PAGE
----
I am now to be supposed retired into my castle, after my late voyage to the wreck, my frigate laid up and secured under water, as usual, and my condition restored to what it was before: I had more wealth, indeed, than I had before, but was not at all the richer; for I had no more use for it than the Indians of Peru had before the Spaniards came there.
It was one of the nights in the rainy season in March, the four-and-twentieth year of my first setting foot in this island of solitude, I was lying in my bed, or hammock, awake; very well in health, had no pain, no distemper, no uneasiness of body, nor any uneasiness of mind, more than ordinary, but could by no means close my eyes, that is, so as to sleep; no, not a wink all night long, otherwise than as follows:—It is impossible to set down the innumerable crowd of thoughts that whirled through that great thoroughfare of the brain, the memory, in this night's time. 1 ran over the whole history of my life in miniature, or by abridgment, as I may call it, to my coming to this island, and also oi that part of my life since J came to this island. In my reflections upon the state of my case since I came on shore on this island, I was comparing the happy posture of my affairs in the first years of my habitation here, compared to the life of anxiety, fear, and care, which I had lived in, ever since I had seen the p-int of a foo* in tl"3 sand; not that I did not believe the savages had frequented the island even ail the while, and might have been, several hundreds of them, at times on shore there; but I had never known it, and was incapable of any apprehensions about it: my satisfaction was perfect, though my danger was the same, and I was as happy in not knowing my danger as if 1 hid never really been exposed to it. This furnished my thoughts with many very profitable reflections, and particularly this one: How infinitely good that Providence is, which has provided, in its government of mankind, such narrow bounds to his sight and knowledge of things; and though he walks in the midst of so many thousand dangers, the sight of which, if discovered to him, would distract his mind and sink his spirits, he is kept serene and calm, by having the events of things hid from his eyes, and knowing nothing of the dangers which surround him.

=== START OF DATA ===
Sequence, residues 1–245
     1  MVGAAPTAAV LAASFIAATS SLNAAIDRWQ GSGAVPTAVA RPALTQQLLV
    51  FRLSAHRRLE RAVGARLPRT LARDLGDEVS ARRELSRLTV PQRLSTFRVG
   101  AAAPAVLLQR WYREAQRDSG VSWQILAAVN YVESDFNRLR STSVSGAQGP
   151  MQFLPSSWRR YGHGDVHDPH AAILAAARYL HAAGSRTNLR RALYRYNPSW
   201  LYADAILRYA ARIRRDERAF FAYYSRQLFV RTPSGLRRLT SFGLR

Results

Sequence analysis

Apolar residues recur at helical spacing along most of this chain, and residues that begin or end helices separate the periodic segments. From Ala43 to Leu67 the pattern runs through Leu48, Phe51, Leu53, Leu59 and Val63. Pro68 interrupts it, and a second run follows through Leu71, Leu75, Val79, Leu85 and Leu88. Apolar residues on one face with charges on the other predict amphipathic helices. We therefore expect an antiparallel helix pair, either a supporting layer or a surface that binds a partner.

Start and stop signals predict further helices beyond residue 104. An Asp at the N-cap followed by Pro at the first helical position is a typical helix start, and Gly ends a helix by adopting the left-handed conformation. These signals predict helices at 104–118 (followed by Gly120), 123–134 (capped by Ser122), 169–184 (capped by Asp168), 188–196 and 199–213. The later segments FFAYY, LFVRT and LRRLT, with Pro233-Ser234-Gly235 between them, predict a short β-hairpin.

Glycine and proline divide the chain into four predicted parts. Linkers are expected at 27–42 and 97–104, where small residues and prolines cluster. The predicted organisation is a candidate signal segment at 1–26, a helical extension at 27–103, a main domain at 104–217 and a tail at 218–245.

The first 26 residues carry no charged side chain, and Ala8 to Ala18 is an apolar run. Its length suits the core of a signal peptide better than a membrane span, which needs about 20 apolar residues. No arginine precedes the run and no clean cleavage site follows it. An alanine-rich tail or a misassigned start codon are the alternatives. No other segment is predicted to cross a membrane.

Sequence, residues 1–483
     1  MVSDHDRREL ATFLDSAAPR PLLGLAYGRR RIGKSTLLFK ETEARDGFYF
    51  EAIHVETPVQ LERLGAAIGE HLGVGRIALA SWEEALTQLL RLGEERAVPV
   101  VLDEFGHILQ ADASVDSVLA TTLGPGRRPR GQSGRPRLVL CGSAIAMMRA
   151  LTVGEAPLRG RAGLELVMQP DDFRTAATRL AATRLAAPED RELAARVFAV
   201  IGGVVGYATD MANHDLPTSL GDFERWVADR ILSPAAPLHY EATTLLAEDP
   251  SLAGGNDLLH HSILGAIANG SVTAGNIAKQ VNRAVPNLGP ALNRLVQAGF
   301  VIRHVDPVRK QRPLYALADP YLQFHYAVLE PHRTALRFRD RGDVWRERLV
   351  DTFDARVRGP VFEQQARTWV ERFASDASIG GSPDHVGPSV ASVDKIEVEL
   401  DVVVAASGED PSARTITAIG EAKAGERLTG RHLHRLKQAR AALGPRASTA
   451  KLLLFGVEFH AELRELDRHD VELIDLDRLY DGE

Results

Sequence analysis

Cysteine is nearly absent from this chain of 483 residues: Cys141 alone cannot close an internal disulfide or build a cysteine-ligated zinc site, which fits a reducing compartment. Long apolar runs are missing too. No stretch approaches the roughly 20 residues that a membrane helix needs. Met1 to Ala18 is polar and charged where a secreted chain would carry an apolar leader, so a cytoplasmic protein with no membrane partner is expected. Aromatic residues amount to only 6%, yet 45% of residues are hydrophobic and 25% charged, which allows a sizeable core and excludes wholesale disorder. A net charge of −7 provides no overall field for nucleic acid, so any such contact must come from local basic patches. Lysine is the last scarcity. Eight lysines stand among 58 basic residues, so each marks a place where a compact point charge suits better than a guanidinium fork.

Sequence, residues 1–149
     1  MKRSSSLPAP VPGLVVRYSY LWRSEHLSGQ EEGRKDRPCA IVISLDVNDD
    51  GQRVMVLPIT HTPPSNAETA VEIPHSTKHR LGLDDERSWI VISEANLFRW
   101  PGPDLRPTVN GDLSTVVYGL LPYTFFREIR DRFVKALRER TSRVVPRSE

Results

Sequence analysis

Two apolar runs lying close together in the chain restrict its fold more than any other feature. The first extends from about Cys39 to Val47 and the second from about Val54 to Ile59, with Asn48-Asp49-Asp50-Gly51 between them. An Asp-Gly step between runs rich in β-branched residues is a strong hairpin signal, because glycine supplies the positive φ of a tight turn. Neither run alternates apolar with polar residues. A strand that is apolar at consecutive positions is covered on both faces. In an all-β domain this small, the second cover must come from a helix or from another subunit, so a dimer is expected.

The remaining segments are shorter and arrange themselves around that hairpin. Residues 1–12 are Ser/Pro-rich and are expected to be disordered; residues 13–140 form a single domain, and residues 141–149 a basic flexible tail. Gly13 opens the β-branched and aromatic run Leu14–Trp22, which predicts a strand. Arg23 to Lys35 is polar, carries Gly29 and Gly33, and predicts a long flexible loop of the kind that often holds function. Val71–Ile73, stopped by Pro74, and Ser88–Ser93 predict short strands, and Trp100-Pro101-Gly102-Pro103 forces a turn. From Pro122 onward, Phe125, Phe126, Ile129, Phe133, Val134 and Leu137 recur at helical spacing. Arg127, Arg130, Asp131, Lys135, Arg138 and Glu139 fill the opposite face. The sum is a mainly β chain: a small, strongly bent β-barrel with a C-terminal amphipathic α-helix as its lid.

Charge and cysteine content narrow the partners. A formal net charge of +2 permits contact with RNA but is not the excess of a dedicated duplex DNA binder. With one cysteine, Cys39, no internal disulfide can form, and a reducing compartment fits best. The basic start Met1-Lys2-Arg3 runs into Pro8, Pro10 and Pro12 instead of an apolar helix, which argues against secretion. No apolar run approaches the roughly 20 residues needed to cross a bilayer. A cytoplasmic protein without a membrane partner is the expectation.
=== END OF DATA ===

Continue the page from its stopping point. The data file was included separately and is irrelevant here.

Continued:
After these thoughts had for some time entertained me, 1 came to reflect seriously upon the real danger I had been in for so many years in this very island, and how I had walked about in the greatest security, and with all possible tranquillity, even when perhaps nothing but the brow of a hill, a great tree, or the casual approach of night, had been between me and the worst kind or destruction, viz. that of falling into the hands of cannibals and savages, who would have seized on me with the same view as 1 would on a goat or a turtle, and have thought it no more a crime to kill and devour me, than I did of a pigeon or curlew. I would unjustly slander myself, if J should say I was not sincerely thankful to my great Preserver, to whose singular protection I acknowledged, with great humility, all these unknown deliverances were due, and without which I must have inevitably fallen into their merciless hands.